Category Archives: Teaching

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Equal Rights vs. Religious Principles

Operating in a pluralistic society, America’s institutions of liberal learning have always faced a fundamental choice: to create cloistered sanctuaries from social difference, or to embrace difference as central to our teaching missions.

That choice may seem especially fraught for religiously based colleges, balanced between the demands of civil law and their desire to adhere to the principles of their religious faith. The choice played out most recently this week in the decision by the federal …

How to Reach the Underserved Third

The U.S. Department of Education recently forced Corinthian Colleges into a government-monitored wind-down of its operations and sale of viable campuses. The sale will include Heald College, the 150-year-old institution that we led for just under one year.

Unaddressed by the department action and overlooked in subsequent commentary are two fundamental and related points. First, as a society, we fail to prepare approximately one-third of our citizens—the “underserved third”—for either col…

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Why We Need an Open Curriculum

A few weeks ago, a student came to say goodbye. She brought along a younger friend, recently offered admission to my university, who was trying to decide whether to come to Brown or go to Duke. Given all that Duke could offer, the friend wondered, “Why come to Brown?”

We didn’t talk much about majors, or alumni networks, or the social atmospherics of the campus. Instead, we talked about curricula.

Duke’s general-education requirement “encourages breadth and depth, and balances structure with…

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All Knowledge Starts Somewhere in Faith

It is bracing to have my institution—Wheaton College—held up in the pages of The Chronicle as the embodiment of “The Great Accreditation Farce,” the headline on Peter Conn’s essay. Conn suggests that Wheaton and other religious colleges are “intellectually compromised institutions” that betray the intellectual standards that should mark accredited institutions of higher education. Colleges like ours, he argues, “systematically undermine the most fundamental purposes of higher education,”…

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Cursive Is an Endangered Species

hotchkiss photo

(Photo courtesy of the author)

Over the past decade or so, something big has been happening in public schools throughout the United States: Instruction in cursive writing has all but disappeared, cut from curricula as schools bring more technology (and keyboarding) into the classroom. The new Common Core Standards for education omit training in cursive handwriting altogether. Even in the few schools where cursive is still taught, the subject is often covered in one year and writing in cursive is…

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In Praise of Dispraise

Each year I attend 30 or more literary readings sponsored either by the colleges where I teach or by bookstores and community organizations. Their quality varies both in performance (writers are not necessarily good readers of their work) and in the writing itself. Sometimes I feel “like some watcher of the skies/when a new planet swims into his ken.” Other times, I am held hostage.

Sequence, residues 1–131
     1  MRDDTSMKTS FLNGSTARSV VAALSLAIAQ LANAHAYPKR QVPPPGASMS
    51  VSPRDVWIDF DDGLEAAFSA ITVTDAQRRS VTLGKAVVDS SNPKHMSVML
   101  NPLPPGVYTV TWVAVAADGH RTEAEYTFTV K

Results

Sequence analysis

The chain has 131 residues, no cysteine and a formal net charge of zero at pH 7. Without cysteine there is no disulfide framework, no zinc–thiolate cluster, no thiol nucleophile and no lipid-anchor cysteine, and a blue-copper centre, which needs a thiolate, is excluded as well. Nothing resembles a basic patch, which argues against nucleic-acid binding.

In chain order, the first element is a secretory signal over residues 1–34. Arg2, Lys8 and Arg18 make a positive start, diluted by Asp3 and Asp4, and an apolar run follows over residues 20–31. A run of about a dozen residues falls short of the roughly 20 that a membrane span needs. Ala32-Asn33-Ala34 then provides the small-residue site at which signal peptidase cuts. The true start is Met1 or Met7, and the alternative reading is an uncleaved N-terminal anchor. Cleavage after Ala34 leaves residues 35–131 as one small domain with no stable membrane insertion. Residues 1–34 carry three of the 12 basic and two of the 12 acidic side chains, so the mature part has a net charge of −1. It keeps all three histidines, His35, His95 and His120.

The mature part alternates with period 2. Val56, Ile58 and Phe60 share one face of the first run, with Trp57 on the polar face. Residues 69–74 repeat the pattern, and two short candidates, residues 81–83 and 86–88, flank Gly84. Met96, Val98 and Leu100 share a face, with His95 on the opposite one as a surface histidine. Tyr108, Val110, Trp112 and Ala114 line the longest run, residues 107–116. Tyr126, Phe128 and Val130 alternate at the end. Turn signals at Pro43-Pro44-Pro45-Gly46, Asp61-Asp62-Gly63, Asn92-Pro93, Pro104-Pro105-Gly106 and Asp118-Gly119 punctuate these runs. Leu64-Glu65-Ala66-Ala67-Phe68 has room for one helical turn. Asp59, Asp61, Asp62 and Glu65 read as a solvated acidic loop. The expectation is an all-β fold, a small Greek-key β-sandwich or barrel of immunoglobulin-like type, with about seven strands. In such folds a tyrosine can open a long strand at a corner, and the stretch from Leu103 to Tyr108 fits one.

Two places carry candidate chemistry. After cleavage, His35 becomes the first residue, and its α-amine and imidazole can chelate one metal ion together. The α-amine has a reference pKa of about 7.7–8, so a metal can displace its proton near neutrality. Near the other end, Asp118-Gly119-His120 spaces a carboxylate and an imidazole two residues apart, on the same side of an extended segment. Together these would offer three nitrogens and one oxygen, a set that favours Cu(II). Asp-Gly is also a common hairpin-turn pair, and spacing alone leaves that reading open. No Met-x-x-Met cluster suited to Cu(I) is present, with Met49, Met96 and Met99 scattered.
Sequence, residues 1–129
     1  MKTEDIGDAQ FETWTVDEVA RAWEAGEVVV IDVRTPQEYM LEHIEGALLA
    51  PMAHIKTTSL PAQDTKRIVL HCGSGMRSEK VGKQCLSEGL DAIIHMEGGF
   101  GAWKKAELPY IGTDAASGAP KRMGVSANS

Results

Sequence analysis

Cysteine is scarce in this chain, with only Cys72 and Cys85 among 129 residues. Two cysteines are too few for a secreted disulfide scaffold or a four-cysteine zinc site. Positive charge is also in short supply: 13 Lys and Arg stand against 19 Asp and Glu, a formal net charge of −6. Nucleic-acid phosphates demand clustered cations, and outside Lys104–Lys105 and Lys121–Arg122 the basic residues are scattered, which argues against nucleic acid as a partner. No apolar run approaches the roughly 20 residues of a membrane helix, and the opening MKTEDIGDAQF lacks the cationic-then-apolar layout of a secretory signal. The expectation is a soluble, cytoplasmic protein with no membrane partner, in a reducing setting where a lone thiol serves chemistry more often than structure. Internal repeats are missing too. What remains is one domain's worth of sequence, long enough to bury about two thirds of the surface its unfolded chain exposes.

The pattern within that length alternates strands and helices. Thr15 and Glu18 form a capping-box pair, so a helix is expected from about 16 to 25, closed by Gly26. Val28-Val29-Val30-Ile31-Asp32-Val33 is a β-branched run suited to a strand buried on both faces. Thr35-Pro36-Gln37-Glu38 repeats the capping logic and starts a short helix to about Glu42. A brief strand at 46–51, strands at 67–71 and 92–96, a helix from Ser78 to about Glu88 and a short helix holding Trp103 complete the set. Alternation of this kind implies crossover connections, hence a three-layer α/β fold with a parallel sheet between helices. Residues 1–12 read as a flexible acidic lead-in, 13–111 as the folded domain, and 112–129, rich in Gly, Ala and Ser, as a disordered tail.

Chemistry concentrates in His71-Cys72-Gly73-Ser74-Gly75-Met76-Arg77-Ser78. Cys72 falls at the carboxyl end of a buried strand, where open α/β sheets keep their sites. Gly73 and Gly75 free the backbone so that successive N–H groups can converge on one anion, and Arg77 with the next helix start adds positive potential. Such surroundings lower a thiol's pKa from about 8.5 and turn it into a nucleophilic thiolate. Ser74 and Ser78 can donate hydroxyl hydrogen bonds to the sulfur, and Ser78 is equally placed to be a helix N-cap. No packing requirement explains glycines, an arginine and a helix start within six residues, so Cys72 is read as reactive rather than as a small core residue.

At one literary-nonfiction reading this year, when the writer (who is white) reached an insight she thought brilli…

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Students Are Horrible in Every Way

Students these days. Take it from me, I teach college. They barely read. Can’t write a coherent sentence. They have no attention span. Or respect for authority. Or for knowledge. All they do is eat, cheat, sleep, sleep around, sleep through class—texting and sexting the whole while. They are worse than all previous generations of students. Basically horrible in every way.

At least that’s how some tell it. The sentiment appears ancient, but thanks to the Internet, these stories now circulate on a…

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Yes, the Humanities Are Struggling, but They Will Endure

Listen to the dire talk around colleges and universities, read op-eds and magazines, and you might think the humanities were in greater danger than the earth’s climate. In fact, despite the overheated rhetoric, the humanities are not at death’s door. Contemporary pressures will more likely push them into a new shape, even ultimately a healthier one.

That claim might seem bizarre. The proportion of college students majoring in the humanities has sunk to an all-time low. Students have turned their…

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What to Read? Don’t Ask, I Won’t Tell

The call comes almost every commencement season.

“Homework Assignment for English Department Faculty,” one missive began. “Graduating seniors have requested a reading list based on faculty suggestions. Many professors have offered reading suggestions privately or as asides … but students want a compiled list of the best reading.”

Almost every year I don’t do my homework, and submit instead a paragraph-long excuse, which is duly printed with everyone else’s recommendations. Last year I quoted…

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In Defense of Trigger Warnings

Trigger warnings are in the news. College students—mostly young women—are requesting pre-emptive warnings about material that might upset them, that might, in some cases, cause symptoms of post-traumatic stress disorder. It’s no surprise, then, that the backlash has begun. Writers and commenters—the majority appear to be male—are decrying this latest surrender to political correctness. Many assume that the call for trigger warnings must be a parody, so ridiculous is the premise that st…